Fiction, Translation

Sea Wind on a Bald Head

New fiction by Zhu Yiye – translated by Liuyu Ivy Chen

How does a Chinese millennial female writer respond to the moral dilemmas of contemporary China? Zhu Yiye’s dark stories offer a poignant satire, detailing ordinary citizens who sleepwalk through a society plagued by cruelty and apathy. A strong sense of dread and invisibility shroud the characters, revealing deep psychological scars. Yet Zhu rejects any simplistic statement. As she said in a 2018 interview, “I think writing is a very private thing … I don’t try to make any point in my stories because I’m very confused myself. Those who attempt to summarize a theme, learn a life lesson, or search for meaning or positive energy, will probably be very disappointed.” Despite this ambiguity, ‘Sea Wind on a Bald Head,’ the first of nine stories in her collection The Girl Who Eats Sparrow, is a lucid tale of marriage, midlife crisis, and queer identity. – Liuyu Ivy Chen

When the wind blows in the mourning hall windows, Teacher Liu loses his hearing for a second. He sees clearly his younger brother’s thin hair standing up from out of the photo, revealing a bald head, a little comical. Teacher Liu deftly raises four fingers like a rough comb, to push a few strands of hair back on his own head. In the photo, his younger brother has recovered his simple honest look, mixed with innocence and grievance––his lips parted slightly, carrying a sign of doubt. Teacher Liu sighs, unable to erase his younger brother’s doubt. He can’t even control his own ear valves as they reopen and his sister-in-law’s wailing floods his head. He feels his brain soaking in brine, sagging rapidly. 

“Why are you standing here like a fool? Go make yourself useful!” Teacher Yang shoves Teacher Liu, almost to the ground.  

Translation

The Nursing Home Rightist

A political victim in his winter years, by Yuan Ling – translated by Jack Hargreaves

Ed: This is the second of two storeis by Yuan Ling, originally published in Chinese in One-Way Street Magazine, translated and published in English in partnership with Paper Republic. Read the first here.

I alight at Beigao bus station and cut through the tunnel under the airport expressway. Tractors and tricycle carts trundle past me beneath the low ceiling – entirely another world to the one atop the bridge. 

I cross a trash-strewn area and continue alongside the dry and scorch marked grass verge. I can see the pair of stone lions that guard the nursing home gate. A kiosk sits right inside as a reminder for visitors to buy something. 

Translation

Silent Children

Yuan Ling finds lost youths at a Chinese foster home – translated by Jack Hargreaves

One weekend while in Shanghai, I accompany some volunteers to Red Buds Foster Home for Children in the suburban Baoshan District.

Red Buds is in an old two-storey building surrounded by an iron fence. I shout through the railings for someone to open the gate and am greeted by a big beaming smile from the middle-aged man who comes to let us in. He’s great, the head of our group, Donkey explains – very welcoming whenever he sees us.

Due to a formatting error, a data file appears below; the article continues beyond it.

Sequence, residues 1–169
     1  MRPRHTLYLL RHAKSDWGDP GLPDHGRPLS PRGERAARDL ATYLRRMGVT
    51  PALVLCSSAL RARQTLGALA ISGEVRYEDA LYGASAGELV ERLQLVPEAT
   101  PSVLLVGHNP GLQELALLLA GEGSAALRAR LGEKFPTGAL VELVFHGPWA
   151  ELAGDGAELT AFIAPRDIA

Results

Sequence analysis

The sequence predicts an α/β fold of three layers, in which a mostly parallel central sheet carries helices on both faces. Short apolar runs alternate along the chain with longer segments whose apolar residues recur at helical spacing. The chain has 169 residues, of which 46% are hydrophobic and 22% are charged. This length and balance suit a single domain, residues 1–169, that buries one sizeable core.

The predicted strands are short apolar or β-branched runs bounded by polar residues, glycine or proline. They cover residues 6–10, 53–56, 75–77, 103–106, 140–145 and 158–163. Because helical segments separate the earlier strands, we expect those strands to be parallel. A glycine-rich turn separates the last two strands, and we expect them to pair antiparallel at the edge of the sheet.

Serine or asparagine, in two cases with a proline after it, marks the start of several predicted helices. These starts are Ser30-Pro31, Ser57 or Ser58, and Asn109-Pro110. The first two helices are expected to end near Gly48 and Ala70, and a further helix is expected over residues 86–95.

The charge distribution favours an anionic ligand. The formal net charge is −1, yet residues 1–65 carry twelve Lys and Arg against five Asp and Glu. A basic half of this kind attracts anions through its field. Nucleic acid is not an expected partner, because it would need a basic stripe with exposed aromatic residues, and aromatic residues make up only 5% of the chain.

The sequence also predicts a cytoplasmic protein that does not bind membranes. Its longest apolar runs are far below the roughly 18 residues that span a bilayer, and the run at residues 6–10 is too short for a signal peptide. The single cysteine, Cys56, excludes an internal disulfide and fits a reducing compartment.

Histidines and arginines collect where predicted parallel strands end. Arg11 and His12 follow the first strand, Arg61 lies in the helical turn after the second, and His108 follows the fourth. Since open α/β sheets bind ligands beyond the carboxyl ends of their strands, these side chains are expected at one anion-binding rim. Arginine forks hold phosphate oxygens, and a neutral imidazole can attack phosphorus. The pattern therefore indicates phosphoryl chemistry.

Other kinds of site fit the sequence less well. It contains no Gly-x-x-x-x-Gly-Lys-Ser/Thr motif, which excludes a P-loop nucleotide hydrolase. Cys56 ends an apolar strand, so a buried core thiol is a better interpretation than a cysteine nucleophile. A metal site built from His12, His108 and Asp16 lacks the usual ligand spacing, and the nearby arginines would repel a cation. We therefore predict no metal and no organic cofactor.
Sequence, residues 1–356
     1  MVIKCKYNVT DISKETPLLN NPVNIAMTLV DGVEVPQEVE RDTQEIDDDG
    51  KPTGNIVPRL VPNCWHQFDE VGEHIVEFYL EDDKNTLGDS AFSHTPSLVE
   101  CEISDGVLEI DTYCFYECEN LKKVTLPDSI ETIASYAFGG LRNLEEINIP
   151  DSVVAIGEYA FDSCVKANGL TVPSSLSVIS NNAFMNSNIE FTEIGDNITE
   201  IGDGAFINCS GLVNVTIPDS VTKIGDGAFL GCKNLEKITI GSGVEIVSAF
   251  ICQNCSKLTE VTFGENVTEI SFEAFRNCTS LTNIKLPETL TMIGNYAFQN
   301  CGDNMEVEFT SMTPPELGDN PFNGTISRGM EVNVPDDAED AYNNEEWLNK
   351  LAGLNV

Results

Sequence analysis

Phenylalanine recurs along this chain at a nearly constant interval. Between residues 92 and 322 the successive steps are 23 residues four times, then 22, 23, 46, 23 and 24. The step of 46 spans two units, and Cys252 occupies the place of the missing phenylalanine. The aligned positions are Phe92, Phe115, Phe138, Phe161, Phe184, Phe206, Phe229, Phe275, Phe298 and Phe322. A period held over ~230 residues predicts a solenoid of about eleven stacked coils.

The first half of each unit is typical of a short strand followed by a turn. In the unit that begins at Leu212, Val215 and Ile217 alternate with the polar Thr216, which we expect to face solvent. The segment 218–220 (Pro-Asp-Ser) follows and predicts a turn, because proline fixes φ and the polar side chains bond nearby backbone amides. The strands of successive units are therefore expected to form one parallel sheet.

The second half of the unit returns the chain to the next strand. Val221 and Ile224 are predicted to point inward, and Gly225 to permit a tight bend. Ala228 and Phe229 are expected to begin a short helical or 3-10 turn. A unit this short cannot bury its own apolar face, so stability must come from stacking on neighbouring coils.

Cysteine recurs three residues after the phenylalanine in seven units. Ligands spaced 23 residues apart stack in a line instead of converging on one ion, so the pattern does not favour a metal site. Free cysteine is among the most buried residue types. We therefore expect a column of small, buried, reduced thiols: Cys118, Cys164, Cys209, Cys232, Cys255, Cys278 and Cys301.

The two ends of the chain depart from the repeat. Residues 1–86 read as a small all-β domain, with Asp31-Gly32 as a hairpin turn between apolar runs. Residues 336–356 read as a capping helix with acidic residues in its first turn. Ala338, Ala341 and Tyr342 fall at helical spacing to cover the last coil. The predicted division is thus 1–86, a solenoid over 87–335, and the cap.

There’s something quite special about that smile and at first, I can’t put my finger on what. Then it occurs to me that he is always smiling, and it’s always the same smile. Donkey quietly adds that the man has learning difficulties but can tell good people from bad. He doesn’t open the door for people he doesn’t recognize and only smiles like this at the good ones.

Translation

Mo Yan Country

The rise of China’s Nobel-Prize winning novelist – Wei Yi, trans. Chenxin Jiang

This article from One-Way Street Magazine is published in partnership with Paper Republic. The translation was assisted with the generous support of Bill Bishop at the Sinocism newsletter, a daily digest of news and commentary on China.

On the afternoon of 12 October 2012, Mo Yan appeared at a press conference in a hotel meeting room that has since become famous worldwide. The hotel was in Gaomi, Mo Yan’s hometown, a small city in Shandong province in northeast China. Mo Yan was still wearing the same lilac dress shirt he’d been wearing the night before. He began by fielding two questions from reporters. Most of what he said quickly appeared online and disappeared just as quickly, perhaps because it wasn’t considered politically correct. Even before he’d won the Nobel Prize, Mo Yan’s politics had already been widely criticised as pro status-quo. In response, he said that his being awarded the Nobel Prize for Literature was a triumph not of political correctness, but of literature.

Translation

The Picun Writer’s Group: Part Two

More stories from a migrant workers’ village collective – translated by Jeremy Tiang

This article from One-Way Street Magazine is published in collaboration with Paper Republic. The translation was made possible with support from Sinocism and individual readers via Patreon – donate now to join the effort and help us raise $300 a month to fund more!

Editor’s note: This is the second of two posts (read the first here) that brings stories from the Picun Writers Group, a collective of migrant workers who live in Picun (皮村) on the outskirts of Beijing, into English. The group came to international attention when an essay by one of its members, titled ‘I am Fan Yusu,’ went viral in April 2017 – which Ting Guo writes about here. But there are many other essays, vignettes and poems that the group has produced, which we believe deserve to be read. Here are a few more of them. – Alec Ash